Thanks Kent. I've had that on my mind for a while, just havn't taken the plunge. Will pick up some and let you know what I think about it. Anything I need to know about it before I spool it up? Is it stiff, or do I need to treat it with KVD?

Thanks,

Jack

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I would sure hope you don't have line failure with that replacement rate :o

Like I said, it's not for everyone. Just comfortable with this setup. I will also change the line if I spool one up and don't fish it if it sits in the boat or garage for a couple of weeks.

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Try Yo-Zuri Hybrid. I replace it "as needed", but never

respool for age or usage. I had a terrible break-off

last season, but that was my fault, I disregarded an

obvious burr. #4 (.009" diameter) is unforgiving,

especially when fighting the smallmouth of a lifetime!

Otherwise, I have NEVER been broken off by a fish.

8-)

Thanks Kent. I've had that on my mind for a while, just havn't taken the plunge. Will pick up some and let you know what I think about it. Anything I need to know about it before I spool it up? Is it stiff, or do I need to treat it with KVD?

Thanks,

Jack

It needs KVD, but #12 (.013" diameter, 19.5 lbs breaking

strength) is very manageable on a baitcaster. If most of

your water is clear, buy green. If your water is mostly

stained, smoke purple. Or if you just want to mess with

the guys, it comes in pink, too!

8-)

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I've been broke off many times, but probably not due to line failure but larger fish. Being "cut off" is common.

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Do you partial spool your main line on your reels? Reason I ask is I cannot understand an entire spool of line having enough wear to need replacement after one day of fishing. Not being judgemental, just trying to understand your process better. It would seem more economical to only replace half, or even less line if you did so after a single day.

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Hey Jack, I'm glad to see that there's someone a bit more OCD than I am about fresh line.

I keep el cheapo backing line on almost all my reels; topping off with about 75 yards, at most, of fresh line.

Even with that, I go through two 1000yd spools of #10 and two of #12 every year. Plus 330yds of 6, 8 and 14.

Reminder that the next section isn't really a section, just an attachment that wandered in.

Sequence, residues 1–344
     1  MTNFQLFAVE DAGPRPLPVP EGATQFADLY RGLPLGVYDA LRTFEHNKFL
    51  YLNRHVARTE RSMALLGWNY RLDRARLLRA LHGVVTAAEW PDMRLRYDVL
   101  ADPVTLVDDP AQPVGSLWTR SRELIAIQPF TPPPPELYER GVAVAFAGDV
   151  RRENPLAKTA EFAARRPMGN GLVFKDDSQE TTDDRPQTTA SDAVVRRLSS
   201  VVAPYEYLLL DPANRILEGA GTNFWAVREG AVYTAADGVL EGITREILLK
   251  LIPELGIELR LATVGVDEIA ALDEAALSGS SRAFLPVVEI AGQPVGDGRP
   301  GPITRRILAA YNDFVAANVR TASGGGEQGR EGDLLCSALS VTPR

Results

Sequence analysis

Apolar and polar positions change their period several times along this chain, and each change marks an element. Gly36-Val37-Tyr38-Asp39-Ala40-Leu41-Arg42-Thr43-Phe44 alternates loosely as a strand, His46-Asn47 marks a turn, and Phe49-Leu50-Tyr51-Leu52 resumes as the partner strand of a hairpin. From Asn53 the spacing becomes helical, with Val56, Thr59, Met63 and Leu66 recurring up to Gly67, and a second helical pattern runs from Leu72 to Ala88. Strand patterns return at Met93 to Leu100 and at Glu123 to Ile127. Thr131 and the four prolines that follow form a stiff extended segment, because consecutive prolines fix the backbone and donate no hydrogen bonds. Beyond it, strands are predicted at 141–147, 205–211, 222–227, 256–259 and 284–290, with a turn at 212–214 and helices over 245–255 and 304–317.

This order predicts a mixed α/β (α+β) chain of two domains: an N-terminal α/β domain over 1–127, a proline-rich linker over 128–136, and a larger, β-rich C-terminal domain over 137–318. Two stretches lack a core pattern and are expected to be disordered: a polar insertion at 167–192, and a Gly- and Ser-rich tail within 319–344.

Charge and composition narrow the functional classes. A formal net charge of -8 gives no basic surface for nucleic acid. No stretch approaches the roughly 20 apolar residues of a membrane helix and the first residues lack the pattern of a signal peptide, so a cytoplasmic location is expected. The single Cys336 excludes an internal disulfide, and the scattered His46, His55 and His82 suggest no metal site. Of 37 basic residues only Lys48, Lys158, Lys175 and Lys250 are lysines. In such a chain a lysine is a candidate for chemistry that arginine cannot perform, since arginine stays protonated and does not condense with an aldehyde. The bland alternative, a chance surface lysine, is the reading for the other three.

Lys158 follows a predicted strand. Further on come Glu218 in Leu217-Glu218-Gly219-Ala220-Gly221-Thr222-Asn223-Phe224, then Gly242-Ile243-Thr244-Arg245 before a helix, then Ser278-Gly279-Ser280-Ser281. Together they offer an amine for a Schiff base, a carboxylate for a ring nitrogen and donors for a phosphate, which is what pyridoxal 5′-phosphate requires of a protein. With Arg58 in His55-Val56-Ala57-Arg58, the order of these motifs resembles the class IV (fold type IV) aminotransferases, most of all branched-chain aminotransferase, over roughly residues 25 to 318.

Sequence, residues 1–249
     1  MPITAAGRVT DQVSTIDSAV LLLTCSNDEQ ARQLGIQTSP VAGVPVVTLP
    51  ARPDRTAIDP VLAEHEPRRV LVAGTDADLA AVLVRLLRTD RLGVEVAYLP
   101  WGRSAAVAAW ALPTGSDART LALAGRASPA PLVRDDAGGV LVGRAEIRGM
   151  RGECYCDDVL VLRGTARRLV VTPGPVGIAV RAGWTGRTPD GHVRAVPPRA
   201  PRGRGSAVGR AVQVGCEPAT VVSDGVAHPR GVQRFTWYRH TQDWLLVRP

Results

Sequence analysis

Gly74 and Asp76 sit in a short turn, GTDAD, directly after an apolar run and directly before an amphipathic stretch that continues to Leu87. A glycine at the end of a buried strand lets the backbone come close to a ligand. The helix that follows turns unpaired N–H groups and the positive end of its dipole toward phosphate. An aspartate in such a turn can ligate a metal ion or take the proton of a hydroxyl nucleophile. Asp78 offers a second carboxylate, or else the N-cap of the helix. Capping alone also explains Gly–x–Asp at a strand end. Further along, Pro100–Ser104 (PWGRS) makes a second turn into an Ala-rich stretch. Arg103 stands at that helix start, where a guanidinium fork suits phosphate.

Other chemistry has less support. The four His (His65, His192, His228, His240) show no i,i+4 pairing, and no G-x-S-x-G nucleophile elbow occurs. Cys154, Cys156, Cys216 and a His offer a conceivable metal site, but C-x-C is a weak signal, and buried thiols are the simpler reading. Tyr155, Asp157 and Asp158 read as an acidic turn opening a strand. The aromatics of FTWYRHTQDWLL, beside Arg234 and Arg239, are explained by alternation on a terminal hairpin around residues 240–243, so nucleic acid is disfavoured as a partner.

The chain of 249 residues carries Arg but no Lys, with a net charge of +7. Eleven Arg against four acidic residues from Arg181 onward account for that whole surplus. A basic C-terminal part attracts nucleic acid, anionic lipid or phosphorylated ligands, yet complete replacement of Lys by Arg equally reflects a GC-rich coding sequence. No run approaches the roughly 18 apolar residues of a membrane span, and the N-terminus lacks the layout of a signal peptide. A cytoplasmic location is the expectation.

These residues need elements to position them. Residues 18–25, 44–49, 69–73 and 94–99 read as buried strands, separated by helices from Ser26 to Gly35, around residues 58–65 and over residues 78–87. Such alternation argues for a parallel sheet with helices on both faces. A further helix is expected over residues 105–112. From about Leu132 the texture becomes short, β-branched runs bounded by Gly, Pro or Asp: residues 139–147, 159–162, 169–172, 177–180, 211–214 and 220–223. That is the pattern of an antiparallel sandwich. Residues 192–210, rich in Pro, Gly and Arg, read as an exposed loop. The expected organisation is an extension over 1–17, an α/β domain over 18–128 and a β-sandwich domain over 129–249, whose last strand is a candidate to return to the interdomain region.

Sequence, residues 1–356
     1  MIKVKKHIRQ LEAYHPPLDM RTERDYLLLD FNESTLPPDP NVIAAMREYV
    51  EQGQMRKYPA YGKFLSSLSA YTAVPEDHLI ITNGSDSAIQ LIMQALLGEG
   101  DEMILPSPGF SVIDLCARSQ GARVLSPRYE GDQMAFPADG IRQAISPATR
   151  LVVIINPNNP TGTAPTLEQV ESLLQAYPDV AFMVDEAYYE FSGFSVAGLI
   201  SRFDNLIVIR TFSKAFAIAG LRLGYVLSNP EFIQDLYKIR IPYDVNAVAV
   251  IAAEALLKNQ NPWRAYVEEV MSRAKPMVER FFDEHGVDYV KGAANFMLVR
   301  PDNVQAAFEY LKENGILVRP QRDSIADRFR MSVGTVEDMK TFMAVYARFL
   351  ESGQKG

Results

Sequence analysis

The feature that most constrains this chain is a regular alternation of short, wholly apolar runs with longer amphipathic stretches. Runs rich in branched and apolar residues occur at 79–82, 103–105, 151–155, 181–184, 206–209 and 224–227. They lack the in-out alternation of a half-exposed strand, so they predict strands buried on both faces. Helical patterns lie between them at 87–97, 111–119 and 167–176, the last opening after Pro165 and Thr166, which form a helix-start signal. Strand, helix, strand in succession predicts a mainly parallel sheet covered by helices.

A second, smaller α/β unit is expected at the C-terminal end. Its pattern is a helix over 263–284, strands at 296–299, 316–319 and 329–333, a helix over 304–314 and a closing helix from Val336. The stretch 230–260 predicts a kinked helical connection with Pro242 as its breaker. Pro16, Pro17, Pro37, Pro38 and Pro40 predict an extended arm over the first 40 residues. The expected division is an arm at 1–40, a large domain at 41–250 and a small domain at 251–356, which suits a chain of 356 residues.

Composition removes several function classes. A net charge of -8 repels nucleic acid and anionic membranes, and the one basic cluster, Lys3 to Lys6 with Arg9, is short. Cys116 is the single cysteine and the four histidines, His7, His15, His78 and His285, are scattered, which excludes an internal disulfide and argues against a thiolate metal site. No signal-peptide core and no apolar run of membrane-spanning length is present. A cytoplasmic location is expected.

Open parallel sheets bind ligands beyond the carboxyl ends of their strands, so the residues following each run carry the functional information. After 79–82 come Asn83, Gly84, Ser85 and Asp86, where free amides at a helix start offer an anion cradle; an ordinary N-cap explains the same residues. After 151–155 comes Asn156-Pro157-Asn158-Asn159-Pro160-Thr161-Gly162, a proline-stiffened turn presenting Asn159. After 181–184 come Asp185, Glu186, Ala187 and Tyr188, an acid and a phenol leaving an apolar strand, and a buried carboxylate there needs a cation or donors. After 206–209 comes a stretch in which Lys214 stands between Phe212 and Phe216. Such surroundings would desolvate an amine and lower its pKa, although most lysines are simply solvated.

Nice to see I'm not alone.

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I replace line "as needed". That generally means 80-100 yards

at a time. I want two casting distances plus some margin. Some

of my backing is pretty old!

8-)

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Do you partial spool your main line on your reels? Reason I ask is I cannot understand an entire spool of line having enough wear to need replacement after one day of fishing. Not being judgemental, just trying to understand your process better. It would seem more economical to only replace half, or even less line if you did so after a single day.

All of my reels have backing on them. Out of a dozen if I fish 4-6 hard  those will be the ones I change. If the others just lay in the boat they will not get changed. They will; however, get respooled before I go the next weekend or the week after. Line is cheap(Well some of it is), so I don't worry at all. What I really worry about is the number of blowups that failure to change will cause over the next several days of fishing if I do not change it out.

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I replace line "as needed". That generally means 80-100 yards

at a time. I want two casting distances plus some margin. Some

of my backing is pretty old!

8-)

Some of the backing on several of mine must be several years old.

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One thing I failed to mention...

I NEVER tie a knot in my spool. All I do is attach the end to the backing with a piece of tape. Don't want a knot anywhere in the spool.

I'm sure some think I'm crazy, but I am very anal when it comes to anything about my line. I also check each rod guide with a qtip regurarly, and never hook a lure to the rod guide.

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One thing I failed to mention...

I NEVER tie a knot in my spool. All I do is attach the end to the backing with a piece of tape. Don't want a knot anywhere in the spool.

I'm sure some think I'm crazy, but I am very anal when it comes to anything about my line. I also check each rod guide with a qtip regurarly, and never hook a lure to the rod guide.

That is not a bad idea, but I think it really depends on the species you are targetting.  For example, that is not an issue fishing for bass and panfish. I agree that there is no real need to join the lines. Sometimes I do and sometimes I don't.

However, if you try this against species that can make short work of a 200 sized casting reel like a king or chum salmon, that is a recipe for a guaranteed mark in the loss column if the fish pulls off enough line.

I speak from experience about getting a 200 curado spooled by a brutish chum salmon in which the spool was filled to optimum capacity.  To be fair, knot or not, it wouldn't have mattered in this fight.  ;D

BTW, it was perhaps one of the best battles, all 22 minutes of it (and yes, I timed it) I have ever had against a fish. I tipped off my hat and gave it a salute.